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Vogels then mentioned that one the most frequent requests they receive from uses is the ability to execute tasks at the edge of the AWS content delivery network instead of having to go back to a source further away and incurring unwanted extra latency. To address this request, Vogels announced AWS Lambda@Edge. This new service can inspect HTTP requests and execute Lambda functions at CloudFront edge locations when appropriate. You can read more about AWS Lambda@Edge here.

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Finally to coordinate multiple Lambda functions in a simple and reliable manner, Vogels announced AWS Step Functions. This service gives users the ability to visually create a state machine which specifies and executes all the steps of a Lambda application. A state machine defines a set of steps that performs work, makes decisions, and controls progress on Lambda functions. You can read more about AWS Step Function here.

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Wrapping up his keynote, Vogels summarized all the product announcements that had been made during his and Jassy’s keynotes.

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With that, Vogels ended his keynote with a charge to the audience to use all the tools they have been given to go and transform their businesses.

AWS re:Invent 2016 First Keynote: Andy Jassy Is Your Shazam

In addition to this post, please also click here to read my AWS re:Invent Tuesday Night Live with James Hamilton recap and here to read my AWS re:Invent 2016 second keynote recap from Thursday.

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I grew up watching a TV show called Shazam! which was based on a comic I also read by the same name. The main protagonist was a superhero called Captain Marvel, who was given his superpowers by a wizard named Shazam. Captain Marvel used the power of Shazam to fight evil and to help save the human race.

At the first keynote for AWS re:Invent 2016, Andy Jassy, CEO of Amazon Web Services, played the part of the wizard who could give everyone cloudy superpowers as he wrapped the keynote around the theme of superpowers. You can view the keynote in its entirety below. You can also read on to get a digest of Jassey’s keynote along with links to get more information about the announced new services.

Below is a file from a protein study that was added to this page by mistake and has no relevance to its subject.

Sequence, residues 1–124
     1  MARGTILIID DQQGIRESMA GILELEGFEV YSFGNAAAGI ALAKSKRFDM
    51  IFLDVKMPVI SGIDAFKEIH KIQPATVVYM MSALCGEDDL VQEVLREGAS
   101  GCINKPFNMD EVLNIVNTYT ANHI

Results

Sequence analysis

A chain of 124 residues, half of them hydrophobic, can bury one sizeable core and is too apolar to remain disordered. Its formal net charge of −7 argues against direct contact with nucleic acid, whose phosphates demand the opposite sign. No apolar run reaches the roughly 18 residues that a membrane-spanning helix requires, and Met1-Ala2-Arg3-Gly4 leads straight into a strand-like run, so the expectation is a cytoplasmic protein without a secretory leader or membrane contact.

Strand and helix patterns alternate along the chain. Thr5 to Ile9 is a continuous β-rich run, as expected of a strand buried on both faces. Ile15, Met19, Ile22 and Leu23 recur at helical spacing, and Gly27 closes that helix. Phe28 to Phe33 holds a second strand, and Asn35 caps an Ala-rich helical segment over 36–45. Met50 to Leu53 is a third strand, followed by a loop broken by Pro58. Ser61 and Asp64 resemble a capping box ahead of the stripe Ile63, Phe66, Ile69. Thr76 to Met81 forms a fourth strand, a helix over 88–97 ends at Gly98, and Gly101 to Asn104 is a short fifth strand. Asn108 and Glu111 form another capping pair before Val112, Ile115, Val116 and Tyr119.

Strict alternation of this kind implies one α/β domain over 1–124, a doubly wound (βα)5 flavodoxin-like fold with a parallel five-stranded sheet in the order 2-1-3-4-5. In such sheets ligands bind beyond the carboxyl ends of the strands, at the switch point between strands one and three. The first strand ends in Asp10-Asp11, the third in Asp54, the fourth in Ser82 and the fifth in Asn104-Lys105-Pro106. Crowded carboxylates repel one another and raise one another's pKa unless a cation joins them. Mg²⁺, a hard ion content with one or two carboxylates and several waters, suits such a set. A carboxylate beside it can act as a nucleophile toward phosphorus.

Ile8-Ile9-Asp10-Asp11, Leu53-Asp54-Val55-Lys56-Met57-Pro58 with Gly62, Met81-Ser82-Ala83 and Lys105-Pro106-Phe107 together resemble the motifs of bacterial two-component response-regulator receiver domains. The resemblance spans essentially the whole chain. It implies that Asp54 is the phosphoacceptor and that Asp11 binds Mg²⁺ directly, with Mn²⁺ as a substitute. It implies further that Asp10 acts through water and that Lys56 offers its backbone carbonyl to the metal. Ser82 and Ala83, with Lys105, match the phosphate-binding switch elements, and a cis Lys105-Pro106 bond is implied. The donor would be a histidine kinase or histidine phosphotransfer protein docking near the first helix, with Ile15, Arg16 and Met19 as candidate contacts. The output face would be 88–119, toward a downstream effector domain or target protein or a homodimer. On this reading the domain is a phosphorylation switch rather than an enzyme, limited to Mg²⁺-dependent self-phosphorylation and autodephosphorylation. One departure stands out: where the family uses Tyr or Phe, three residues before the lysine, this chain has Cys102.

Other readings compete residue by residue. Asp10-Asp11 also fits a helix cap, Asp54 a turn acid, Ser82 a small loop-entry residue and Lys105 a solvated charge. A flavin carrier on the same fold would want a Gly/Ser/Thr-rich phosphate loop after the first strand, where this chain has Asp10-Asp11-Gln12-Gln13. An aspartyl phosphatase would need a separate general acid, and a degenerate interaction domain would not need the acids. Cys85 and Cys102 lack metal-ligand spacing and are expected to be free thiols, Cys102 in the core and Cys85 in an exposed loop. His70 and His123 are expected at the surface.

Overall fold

To set the table, Jassy started the keynote with a business update before giving what everyone in attendance and tuning in was waiting for – a litany of new AWS features and capabilities.

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Amazon Web Services continues to grow at an astounding rate with no let up in sight. It is by far the fastest growing billion dollar enterprise IT company in the world, suggesting that it is a safe choice for enterprises.

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And the growth is not just coming from startups anymore but includes a growing stable of enterprise customers.

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While the keynote included something for everyone, Jassy clearly had new enterprise customers in mind as he walked through the value proposition for AWS, explained basic AWS services, unveiled new services and directed his ire at Larry Ellison and Oracle. And to frame the rest of his keynote, Jassy assumed his Shazam wizard persona and explained what AWS can do for customers to give them cloudy superpowers.

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The first superpower theme to be highlighted was supersonic speed and how AWS enables customers to move more quickly. This not only refers to customers being able to launch thousands of cloud instances in minutes but the ability to go from conception to realization of an idea by taking advantage of all the many services that AWS has to offer.

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While AWS already boasts more services than any other cloud provider, Jassy pointed out that their pace of innovation has been increasing to the rate of 1,000+ new features or significant capabilities rolled out in 2016. That equates to an average of 3 new capabilities added per day.

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Continuing the focus on supersonic speed, Jassy followed with announcements about new EC2 instance types to add to the already burgeoning compute catalog. In particular, updates to four instance type families, to meet varying compute use cases, were announced.

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Two new extra-large instance types were added to the T2 family which doubled and quadrupled respectively the large instance type. T2 instances are suited for general purpose workloads that require occasional bursting and the extra large instances give users more bang for their buck while providing even more burst capacity. You can read about the new T2 instance types here.

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For memory intensive workloads, a new R4 instance type was announced which effectively doubled the capabilities of the previous R3 instance type. This memory-optimized instance type is suitable for any workload that benefits most from in-memory processing. You can read more about the new R4 instance type here.